(with thanks to Elizabeth Linington, whose title I have borrowed for this post; and to Lexi Revellian, for suggesting the topic)
The subject of the "bad guys" in mystery fiction has come up. I think we all spend a lot of time thinking about what makes a good protagonist, as well as a good supporting cast. But what makes for a good "villain"?
This is a bit of a tricky question in that I usually think of the "villain" of a mystery as the murderer. And in a most mysteries, we don't know who the killer is until quite late in the book. (When we know early, I put the book into the "suspense" or "thriller" category.) The villains in the thrillers I've read lately have all been of a type or two: power-mad egomaniacs or garden-variety psychopaths.
So maybe we are better off thinking about the villain in a mystery as being an antagonist to the protagonist. Such characters need not be the murderer, but they do point to one of those frequently-unsaid truisms that good character development is based on conflict. Conflict comes in all forms, from basic family issues (such as sibling rivalry) to highly abstract types of conflict based on competing belief systems or deeply held values. In a good mystery, conflict drives not only the characters but also the plot.
That said, I do think that some types of antagonists are better than others. I always find intra-family conflict to be quite realistic, because I don't think I know of any family that isn't rife with it. Conflict on the job is good too, and raises all sorts of opportunities to explore relationships in the workplace (indeed, this has become a staple of many of the modern police procedurals). Antagonism based on personality conflict is always great fun--put a modest wall-flower in the same room with a narcissistic drama queen, and the resulting fireworks can be great fun to read. (Better yet, let's watch two narcissistic drama queens battle it out!) A mega-corporation or the government as the antagonist seems to me to be more the stuff of thrillers, as it's tough to make the avatars of this antagonism anything beyond a two-dimensional stereotype (money-mad CEO, hard-as-nails G-man).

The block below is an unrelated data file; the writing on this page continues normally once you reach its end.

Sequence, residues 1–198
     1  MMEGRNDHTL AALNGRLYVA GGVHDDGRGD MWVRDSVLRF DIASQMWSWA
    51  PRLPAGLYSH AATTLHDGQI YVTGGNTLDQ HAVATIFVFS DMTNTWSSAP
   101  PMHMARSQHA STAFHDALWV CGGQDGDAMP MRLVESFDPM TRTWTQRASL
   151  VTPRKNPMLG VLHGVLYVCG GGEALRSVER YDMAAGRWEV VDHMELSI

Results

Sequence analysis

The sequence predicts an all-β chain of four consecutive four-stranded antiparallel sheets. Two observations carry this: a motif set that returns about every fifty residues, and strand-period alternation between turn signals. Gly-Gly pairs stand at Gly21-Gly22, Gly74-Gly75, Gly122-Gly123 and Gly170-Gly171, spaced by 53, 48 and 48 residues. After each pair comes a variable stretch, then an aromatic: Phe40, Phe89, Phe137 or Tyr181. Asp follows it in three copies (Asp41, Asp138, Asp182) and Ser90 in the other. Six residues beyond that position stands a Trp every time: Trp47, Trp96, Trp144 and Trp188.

In a way, we can think of the "villains" of the typical mystery as anyone who stands in the sleuth's way, or who erects obstacles for whatever reason. It can be quite interesting when an antagonist blocks the protag for psychologically rich reasons, such as wanting to protect a child or a secret; it can be equally enjoyable to watch the psychologically acute sleuth jump over these barriers or find a way to circumvent them.
If all is done well, when the identity of the murderer is revealed, we should have a good sense of what makes him or her tick. We should understand WHY the murder was committed, even if we don't condone it. The motive really does have to make sense; I've read some books where I've thought, "Huh? X had absolutely no reason to kill Y over that lost game of bridge [or shufleboard]." This may be the hardest thing for the novelist to pull off--to make the murder believable or inevitable based on the conflicts that have been set up and explored, but not fully realized until the denouement.